The Stone Menagerie

In Tanzania,
a thesaurus of birds
perch stiffly, petrified
by the alkaline slime
of Lake Natron.

These avian stones,
these strands of hide and rough-twine
wide-fanning feathers:
Calcified cranes, sparrows
chewed to paste, finches hardened
to chalk, a hawk’s ghostly wing.

The ashen and the toothwhite
plastered the lakeshore as the person fossils
found in Old Pompeii.

Their radar betrayed them.
They once trusted the pull of air,
Its current-cushion beneath them, but no,
with no sense left in the birds,
they plummeted in bunches, swallowed by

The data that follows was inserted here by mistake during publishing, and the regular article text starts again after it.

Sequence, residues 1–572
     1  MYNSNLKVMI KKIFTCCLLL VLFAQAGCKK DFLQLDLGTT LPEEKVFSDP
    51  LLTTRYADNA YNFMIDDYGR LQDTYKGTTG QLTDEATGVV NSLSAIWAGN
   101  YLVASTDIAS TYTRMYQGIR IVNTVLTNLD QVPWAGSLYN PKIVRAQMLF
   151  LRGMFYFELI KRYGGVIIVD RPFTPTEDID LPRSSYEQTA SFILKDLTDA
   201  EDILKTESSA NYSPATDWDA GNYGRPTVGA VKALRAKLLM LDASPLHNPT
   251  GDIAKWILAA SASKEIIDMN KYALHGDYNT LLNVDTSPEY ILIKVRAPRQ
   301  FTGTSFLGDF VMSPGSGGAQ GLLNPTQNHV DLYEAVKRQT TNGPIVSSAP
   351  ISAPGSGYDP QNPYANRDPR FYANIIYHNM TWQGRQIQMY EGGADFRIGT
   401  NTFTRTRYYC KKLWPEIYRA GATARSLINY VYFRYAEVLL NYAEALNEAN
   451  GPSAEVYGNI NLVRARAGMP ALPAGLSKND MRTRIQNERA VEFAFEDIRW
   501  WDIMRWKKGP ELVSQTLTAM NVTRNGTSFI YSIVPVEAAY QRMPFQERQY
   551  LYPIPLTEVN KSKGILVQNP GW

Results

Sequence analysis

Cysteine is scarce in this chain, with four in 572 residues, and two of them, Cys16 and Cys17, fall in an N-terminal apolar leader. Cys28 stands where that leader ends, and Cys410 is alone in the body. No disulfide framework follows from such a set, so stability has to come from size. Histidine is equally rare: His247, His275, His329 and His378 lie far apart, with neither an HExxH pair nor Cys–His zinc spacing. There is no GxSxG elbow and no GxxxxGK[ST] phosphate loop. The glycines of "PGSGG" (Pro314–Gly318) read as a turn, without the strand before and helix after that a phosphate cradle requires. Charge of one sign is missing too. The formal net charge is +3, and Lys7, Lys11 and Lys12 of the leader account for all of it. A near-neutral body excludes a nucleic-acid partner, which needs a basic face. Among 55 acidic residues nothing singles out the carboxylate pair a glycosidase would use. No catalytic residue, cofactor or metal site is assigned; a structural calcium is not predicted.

a thin, hanging red vapor.

You were here once.
You listened. You studied the volley
of splashes. They spoke only
in a single monosyllable: muerte.

One freeze to another freeze:
You tapped your toes, waiting for melody.

The curator
held up the rockbirds with sticks and staples.

He saw you,
a living marble tricked into machination,
your face in a silver veil, half opaque.

You begged the birds to stop singing.

Daniel Jenkins is a poet, critic, and teacher. His writing has appeared in Lost River Literary, Cold Mountain Review, Up the Staircase Quarterly, Poetry Northwest and Maryland Literary Review. He holds an MFA in Poetry from the MFA Program for Writers at Warren Wilson College. He lives & works in Northern Virginia, a suburb of Washington, D.C.